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Download Off the Record: The Technology and Culture of Sound Recording in America eBook

by David Morton

Download Off the Record: The Technology and Culture of Sound Recording in America eBook
ISBN:
0813527465
Author:
David Morton
Category:
Music
Language:
English
Publisher:
Rutgers University Press (December 1, 1999)
Pages:
240 pages
EPUB book:
1905 kb
FB2 book:
1747 kb
DJVU:
1158 kb
Other formats
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Rating:
4.1
Votes:
985


Introduction - High culture, high fidelity, and the making of recordings in the American record industry . and the roots of American recording culture.

Books for People with Print Disabilities. Internet Archive Books.

Recording culture in America emerged, Morton writes, not through the dictates of the technology itself but in complex ways that were contingent upon the actions of users. One of the misconceptions that Morton hopes to dispel is that the only important category of sound recording involves music.

David Morton wants to explain why recording technology has "become ubiquitous in our culture" and why it is important as "an everyday technology.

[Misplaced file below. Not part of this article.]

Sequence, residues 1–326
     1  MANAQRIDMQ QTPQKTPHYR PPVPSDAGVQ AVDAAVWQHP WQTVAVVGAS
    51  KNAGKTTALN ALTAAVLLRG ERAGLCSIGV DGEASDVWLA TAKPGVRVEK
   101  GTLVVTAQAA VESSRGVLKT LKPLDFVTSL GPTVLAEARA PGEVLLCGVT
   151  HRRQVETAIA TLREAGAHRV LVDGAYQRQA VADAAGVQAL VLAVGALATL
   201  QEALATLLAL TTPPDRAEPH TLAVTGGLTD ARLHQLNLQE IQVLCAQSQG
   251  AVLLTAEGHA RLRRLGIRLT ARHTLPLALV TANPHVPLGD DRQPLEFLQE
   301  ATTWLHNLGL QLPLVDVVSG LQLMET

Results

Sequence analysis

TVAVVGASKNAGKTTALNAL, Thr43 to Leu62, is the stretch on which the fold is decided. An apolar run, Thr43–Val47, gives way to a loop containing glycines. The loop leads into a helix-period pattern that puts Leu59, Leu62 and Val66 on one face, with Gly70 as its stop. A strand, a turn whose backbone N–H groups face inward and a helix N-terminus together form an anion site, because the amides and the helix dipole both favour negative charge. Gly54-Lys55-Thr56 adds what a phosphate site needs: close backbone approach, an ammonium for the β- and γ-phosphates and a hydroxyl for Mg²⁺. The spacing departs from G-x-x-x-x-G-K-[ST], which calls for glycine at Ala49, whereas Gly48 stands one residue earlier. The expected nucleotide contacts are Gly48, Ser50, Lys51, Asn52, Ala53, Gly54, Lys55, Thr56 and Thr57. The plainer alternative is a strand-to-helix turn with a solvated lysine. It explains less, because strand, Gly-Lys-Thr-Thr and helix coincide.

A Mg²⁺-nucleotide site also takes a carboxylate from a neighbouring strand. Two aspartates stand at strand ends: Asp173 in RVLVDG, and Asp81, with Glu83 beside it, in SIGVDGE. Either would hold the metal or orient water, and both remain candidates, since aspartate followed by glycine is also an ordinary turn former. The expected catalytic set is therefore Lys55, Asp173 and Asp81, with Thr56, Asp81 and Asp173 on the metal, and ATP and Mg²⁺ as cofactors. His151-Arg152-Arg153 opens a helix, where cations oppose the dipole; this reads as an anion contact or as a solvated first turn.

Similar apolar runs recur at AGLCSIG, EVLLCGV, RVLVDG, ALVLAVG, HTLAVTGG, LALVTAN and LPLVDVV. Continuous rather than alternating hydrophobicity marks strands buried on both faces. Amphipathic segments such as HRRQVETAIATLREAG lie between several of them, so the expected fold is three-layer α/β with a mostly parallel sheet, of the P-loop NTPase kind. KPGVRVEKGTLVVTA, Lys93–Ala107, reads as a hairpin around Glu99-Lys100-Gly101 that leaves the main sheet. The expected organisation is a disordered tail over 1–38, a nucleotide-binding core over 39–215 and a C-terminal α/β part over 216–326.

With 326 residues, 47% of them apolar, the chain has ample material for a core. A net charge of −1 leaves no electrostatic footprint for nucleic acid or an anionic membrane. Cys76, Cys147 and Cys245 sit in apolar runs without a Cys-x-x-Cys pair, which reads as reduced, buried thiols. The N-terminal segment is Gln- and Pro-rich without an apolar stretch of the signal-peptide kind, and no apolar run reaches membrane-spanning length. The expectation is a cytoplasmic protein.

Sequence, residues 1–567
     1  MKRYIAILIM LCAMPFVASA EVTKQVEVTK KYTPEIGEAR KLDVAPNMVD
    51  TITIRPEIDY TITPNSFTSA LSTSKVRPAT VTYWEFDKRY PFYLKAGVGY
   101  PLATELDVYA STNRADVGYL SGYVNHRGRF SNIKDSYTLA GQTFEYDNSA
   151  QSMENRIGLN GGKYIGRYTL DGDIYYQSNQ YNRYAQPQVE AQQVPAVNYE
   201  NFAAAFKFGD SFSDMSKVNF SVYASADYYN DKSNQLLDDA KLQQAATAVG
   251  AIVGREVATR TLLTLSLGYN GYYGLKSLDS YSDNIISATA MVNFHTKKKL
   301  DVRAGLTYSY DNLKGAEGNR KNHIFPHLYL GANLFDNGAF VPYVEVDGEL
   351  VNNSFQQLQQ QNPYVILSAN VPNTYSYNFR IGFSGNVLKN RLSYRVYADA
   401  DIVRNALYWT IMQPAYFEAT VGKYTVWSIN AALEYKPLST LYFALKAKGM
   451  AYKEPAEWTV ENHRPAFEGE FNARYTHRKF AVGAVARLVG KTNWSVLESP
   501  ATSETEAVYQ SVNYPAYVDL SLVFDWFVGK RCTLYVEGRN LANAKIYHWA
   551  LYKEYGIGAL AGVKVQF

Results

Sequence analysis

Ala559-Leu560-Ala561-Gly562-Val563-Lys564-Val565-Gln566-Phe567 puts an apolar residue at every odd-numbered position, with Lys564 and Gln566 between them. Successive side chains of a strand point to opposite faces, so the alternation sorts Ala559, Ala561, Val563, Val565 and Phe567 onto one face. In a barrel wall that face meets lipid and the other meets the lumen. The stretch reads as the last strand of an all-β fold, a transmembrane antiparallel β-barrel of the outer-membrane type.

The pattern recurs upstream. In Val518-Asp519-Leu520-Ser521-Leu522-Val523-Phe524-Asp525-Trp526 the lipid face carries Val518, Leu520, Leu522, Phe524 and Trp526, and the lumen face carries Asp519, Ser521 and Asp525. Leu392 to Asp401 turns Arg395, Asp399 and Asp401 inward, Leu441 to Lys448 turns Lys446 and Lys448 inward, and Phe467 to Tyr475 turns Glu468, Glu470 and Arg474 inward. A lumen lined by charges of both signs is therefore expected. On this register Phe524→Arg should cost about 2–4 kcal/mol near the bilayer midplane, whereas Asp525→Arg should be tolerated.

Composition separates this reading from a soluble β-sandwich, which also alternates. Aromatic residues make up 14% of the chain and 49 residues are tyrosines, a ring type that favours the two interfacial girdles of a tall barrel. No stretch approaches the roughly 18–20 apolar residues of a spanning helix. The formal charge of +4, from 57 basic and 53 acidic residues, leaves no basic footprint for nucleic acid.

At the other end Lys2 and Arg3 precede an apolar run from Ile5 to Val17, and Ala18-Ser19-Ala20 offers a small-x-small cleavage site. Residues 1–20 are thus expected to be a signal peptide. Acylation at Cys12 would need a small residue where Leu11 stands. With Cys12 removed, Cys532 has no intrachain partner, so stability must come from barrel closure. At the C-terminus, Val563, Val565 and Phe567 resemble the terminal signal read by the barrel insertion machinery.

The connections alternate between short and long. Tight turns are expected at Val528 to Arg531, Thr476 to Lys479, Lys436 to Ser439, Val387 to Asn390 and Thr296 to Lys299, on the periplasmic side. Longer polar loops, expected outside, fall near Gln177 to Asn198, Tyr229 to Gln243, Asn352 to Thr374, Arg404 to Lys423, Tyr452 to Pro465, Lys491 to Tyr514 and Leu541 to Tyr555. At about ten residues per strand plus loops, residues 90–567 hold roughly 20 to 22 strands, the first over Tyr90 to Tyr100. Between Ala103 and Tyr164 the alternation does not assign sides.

p. cm. Includes bibliographical references. Like the technology of writing, sound recording proved to be remarkably versatile, with many different uses in business and industry, in the home, in schools, churches, and almost everywhere else. Sound recording was destined to become more important, commercially and socially, than even Edison imagined.

Recorded sound has pervaded nearly every facet of modern life―not just popular . Very informative well written history of sound recording technology.

Recorded sound has pervaded nearly every facet of modern life―not just popular music. David L. Morton Jr. is a historian of technology with expertise in the history of sound recording, electronics, and electric power. There are many details in the book that I have never heard anywhere else. Morton presents the story in a straight forward prose that is easy to read. I only wish there were more photos and a maybe a few more references.